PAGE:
Exposure to Professor Gqola also introduced me to the work of other black scholars and black female scholars, something that Masters student, Luke Feltham, says is missing in the department:
“I personally find it lamentable that I have reached Masters level in this subject at one of Africa’s leading universities yet the only non-Western theorists I have studied in course work are Frantz Fanon and Steve Biko- brilliant thinkers but only a drop in the ocean of African intellectual thought”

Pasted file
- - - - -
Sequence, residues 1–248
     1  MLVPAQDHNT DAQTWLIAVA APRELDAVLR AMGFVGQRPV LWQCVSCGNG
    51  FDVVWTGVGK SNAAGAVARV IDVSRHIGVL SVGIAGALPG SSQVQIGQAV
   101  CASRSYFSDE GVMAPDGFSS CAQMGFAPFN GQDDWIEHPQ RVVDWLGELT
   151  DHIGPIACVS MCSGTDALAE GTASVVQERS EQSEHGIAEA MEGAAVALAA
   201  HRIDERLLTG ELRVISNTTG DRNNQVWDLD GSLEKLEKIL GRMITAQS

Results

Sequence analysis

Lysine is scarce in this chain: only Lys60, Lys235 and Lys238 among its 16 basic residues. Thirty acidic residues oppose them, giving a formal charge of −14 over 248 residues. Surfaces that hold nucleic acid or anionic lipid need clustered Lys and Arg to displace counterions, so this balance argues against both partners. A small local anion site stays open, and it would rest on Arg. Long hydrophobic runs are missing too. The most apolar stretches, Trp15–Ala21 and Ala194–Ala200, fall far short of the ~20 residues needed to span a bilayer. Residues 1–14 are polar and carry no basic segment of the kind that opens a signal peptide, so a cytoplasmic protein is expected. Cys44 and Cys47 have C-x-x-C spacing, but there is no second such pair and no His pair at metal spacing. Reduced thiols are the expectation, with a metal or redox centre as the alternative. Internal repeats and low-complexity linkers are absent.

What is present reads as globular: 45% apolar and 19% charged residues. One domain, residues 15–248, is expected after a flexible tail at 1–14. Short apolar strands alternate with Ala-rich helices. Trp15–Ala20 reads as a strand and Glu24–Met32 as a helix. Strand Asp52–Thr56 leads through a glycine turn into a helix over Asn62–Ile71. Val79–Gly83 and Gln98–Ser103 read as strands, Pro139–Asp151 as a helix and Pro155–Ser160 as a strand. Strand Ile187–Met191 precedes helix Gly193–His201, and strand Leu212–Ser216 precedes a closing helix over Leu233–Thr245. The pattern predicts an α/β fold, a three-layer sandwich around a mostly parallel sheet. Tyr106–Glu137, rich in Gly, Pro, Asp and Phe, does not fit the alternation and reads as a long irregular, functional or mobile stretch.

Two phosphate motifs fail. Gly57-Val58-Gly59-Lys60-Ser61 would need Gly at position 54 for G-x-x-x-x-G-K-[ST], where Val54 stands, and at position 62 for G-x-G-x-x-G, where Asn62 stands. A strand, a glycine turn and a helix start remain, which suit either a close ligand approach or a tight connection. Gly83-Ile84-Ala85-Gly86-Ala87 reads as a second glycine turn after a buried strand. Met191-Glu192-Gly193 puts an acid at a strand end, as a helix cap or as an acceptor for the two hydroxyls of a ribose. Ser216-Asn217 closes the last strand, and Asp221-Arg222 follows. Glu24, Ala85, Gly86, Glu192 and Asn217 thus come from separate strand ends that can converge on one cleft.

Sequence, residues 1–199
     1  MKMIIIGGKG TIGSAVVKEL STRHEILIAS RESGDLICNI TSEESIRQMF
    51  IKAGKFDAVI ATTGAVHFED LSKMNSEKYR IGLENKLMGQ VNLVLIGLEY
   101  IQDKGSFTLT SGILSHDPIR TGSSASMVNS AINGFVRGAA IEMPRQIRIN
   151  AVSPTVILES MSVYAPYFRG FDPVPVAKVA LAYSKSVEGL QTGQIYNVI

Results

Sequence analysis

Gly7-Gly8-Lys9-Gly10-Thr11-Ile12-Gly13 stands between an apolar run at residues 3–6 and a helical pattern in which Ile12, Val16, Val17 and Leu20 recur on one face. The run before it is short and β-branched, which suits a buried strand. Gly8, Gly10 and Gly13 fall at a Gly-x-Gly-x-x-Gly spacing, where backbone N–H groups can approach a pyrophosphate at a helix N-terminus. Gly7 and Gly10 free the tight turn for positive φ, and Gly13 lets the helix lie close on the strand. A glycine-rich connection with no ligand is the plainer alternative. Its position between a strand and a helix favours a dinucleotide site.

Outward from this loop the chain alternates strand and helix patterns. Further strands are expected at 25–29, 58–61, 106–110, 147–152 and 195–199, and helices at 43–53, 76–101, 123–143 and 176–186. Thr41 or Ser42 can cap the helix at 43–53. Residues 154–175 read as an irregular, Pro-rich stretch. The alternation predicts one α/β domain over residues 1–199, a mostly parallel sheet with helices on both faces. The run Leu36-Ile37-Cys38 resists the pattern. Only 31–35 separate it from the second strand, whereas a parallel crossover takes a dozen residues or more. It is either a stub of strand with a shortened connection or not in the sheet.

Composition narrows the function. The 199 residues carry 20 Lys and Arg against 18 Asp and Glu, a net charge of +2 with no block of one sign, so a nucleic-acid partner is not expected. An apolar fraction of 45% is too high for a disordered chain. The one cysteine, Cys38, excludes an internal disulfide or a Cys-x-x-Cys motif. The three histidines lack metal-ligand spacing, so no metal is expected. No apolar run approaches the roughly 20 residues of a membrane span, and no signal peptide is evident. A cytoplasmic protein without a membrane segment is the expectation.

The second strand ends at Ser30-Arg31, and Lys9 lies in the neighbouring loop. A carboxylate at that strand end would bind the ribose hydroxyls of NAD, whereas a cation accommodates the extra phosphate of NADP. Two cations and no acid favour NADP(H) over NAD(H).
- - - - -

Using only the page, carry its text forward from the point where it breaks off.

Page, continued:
With the average age of a South African being 24 years old and Africa being the youngest growing continent in the world, we are looking to young people to solve our societal challenges, to be innovative, to create employment. But how do we expect young people to solve Africa’s problems when they know little about the continent and cannot even situate themselves within Africa? As young people who have been challenged to be the leaders of today and not tomorrow, as we grapple with the kind of society we want to build and the problems we want to solve, more universities and schools in the country and the wider continent should place greater value in teaching African history and thought. As Dr Maya Angelou states, “he/she who does not learn from his or her history is doomed to repeat it…. at nauseam”.